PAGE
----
The minimum level of initial DNA damage required for apoptosis induction, LDm, reflects the sensitivity of the p53 pathway to DNA damage. LDm becomes larger with increasing kdHIPK2 (figure 5d). When kdHIPK2 is less than 0.15, LDm is lower than 3.5. This means that the damaged cell becomes rather sensitive to DNA damage when the degradation of HIPK2 by Mdm2 is inefficient. Differently, LDm rises quickly with increasing kdHIPK2 when it is greater than 0.15. At kdHIPK2 = 0.24, for example, apoptosis is triggered only after very severe damage with LD0 ≥ 12 (compared with 4.8 under the standard parameter setting). Together, the degradation rate of HIPK2 can markedly influence the sensitivity of the cell to DNA damage. These results suggest that inhibition of HIPK2 degradation is an efficient way to convert a cytostatic stimulus into a pro-apoptotic one .
Following severe DNA damage, the degradation of HIPK2 mainly occurs in the first phase and is affected markedly by the level of Mdm2n, which depends on the rate constant ks1mdm2. Thus, LDm also varies as a function of ks1mdm2. LDm is rather low if ks1mdm2 < 0.008 (figure 5e), in agreement with the finding that Mdm2 depletion results in apoptosis even in response to sublethal damage . On the other hand, it becomes very difficult to induce apoptosis when Mdm2 is overexpressed. With further increasing ks1mdm2, LDm rises quickly and equals 21.2 at ks1mdm2 = 0.0117. At ks1mdm2 = 0.015, [p53p] remains at a moderate level and cannot be fully activated even at LD0 = 20 (figure 5f). p21 is induced persistently, whereas Casp3 remains inactive. Thus, the cell may become senescent, consistent with the observation that Mdm2 overexpression markedly inhibits p53-mediated apoptosis by enhancing HIPK2 degradation . This provides another explanation for the carcinogenic role of Mdm2 in many tumours .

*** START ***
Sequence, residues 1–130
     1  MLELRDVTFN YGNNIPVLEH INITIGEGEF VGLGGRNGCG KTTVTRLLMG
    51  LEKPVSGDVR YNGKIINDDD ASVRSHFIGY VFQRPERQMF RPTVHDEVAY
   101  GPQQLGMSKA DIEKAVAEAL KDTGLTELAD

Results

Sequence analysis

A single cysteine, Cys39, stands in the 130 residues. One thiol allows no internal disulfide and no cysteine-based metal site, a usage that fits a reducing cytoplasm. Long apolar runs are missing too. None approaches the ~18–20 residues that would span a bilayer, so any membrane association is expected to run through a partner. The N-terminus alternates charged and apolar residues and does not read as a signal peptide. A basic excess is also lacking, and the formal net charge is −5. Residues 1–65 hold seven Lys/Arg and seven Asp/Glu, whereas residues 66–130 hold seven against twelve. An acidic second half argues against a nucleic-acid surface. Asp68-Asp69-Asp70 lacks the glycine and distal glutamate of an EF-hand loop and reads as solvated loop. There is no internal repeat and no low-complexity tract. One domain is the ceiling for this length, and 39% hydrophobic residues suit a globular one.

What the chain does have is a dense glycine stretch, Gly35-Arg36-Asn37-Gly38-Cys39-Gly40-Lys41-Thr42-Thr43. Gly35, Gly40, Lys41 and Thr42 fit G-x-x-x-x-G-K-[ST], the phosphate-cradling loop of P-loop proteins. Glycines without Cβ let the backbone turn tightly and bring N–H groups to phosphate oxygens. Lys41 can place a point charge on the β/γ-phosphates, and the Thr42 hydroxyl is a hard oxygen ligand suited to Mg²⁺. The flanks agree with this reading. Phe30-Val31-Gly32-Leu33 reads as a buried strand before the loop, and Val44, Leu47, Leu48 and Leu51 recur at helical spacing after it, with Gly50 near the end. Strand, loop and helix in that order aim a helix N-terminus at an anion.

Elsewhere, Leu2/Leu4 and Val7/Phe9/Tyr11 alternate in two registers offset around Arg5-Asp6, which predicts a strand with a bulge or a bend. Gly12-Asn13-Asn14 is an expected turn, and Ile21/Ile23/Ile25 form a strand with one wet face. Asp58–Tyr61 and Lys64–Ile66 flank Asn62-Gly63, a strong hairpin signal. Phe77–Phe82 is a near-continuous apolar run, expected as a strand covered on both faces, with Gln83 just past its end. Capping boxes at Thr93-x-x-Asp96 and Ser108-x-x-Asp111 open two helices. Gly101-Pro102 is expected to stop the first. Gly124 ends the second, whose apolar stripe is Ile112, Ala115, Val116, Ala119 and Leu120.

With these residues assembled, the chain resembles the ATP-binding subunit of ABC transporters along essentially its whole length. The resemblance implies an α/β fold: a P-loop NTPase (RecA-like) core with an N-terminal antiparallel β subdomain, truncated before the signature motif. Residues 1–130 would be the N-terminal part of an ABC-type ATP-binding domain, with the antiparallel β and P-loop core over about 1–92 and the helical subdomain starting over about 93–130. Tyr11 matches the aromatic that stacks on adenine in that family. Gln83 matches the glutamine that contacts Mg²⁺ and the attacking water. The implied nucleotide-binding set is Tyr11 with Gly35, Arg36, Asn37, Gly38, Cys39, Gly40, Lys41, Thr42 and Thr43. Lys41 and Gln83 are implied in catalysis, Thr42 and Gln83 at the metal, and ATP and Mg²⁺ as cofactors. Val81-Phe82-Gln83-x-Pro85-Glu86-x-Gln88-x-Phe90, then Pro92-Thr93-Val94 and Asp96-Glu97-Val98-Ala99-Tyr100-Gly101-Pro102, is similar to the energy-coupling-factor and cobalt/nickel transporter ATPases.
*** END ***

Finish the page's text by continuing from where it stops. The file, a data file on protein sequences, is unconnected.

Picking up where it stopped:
The ATR-induced Mdm2 phosphorylation only inhibits its E3-ligase activity rather than leads to its degradation . The dephosphorylation of Mdm2np contributes to Mdm2 reactivation and HIPK2 degradation. To explore the effect of Mdm2np dephosphorylation on cell-fate decision, the rate constant kdphm2n is set to different values in the electronic supplementary material, figure S3. At kdphm2n = 0 and LD0 = 10, [Mdm2n] drops to a low level after a transient (electronic supplementary material, figure S3a). With increasing kdphm2n, the downregulation of Mdm2n occurs later. When kdphm2n is large enough, [Mdm2n] instead remains relatively high. Thus, it takes a longer time for [HIPK2] to reach its peak with increasing kdphm2n, or [HIPK2] stays at low levels when kdphm2n is sufficiently large (electronic supplementary material, figure S3b). Consequently, Casp3 is activated later with increasing kdphm2n, or it cannot be activated at all (electronic supplementary material, figure S3c). These results reveal that the reactivation of nuclear Mdm2 via dephosphorylation promotes the cellular resistance to apoptosis. This is also manifested in the electronic supplementary material, figure S3d, where LDm rises markedly with increasing kdphm2n. Only when the extent of DNA damage exceeds some threshold can the anti-apoptotic effect of Mdm2 reactivation be overcome by downregulation of Mdm2, leading to apoptosis.